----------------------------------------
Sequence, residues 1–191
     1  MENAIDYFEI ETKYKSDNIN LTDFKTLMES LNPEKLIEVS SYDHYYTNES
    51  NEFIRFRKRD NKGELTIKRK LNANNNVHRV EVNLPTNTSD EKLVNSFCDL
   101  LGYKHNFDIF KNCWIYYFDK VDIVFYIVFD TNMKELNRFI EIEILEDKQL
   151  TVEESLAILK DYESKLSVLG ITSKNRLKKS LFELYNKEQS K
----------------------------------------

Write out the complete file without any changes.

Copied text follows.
Sequence, residues 1–191
     1  MENAIDYFEI ETKYKSDNIN LTDFKTLMES LNPEKLIEVS SYDHYYTNES
    51  NEFIRFRKRD NKGELTIKRK LNANNNVHRV EVNLPTNTSD EKLVNSFCDL
   101  LGYKHNFDIF KNCWIYYFDK VDIVFYIVFD TNMKELNRFI EIEILEDKQL
   151  TVEESLAILK DYESKLSVLG ITSKNRLKKS LFELYNKEQS K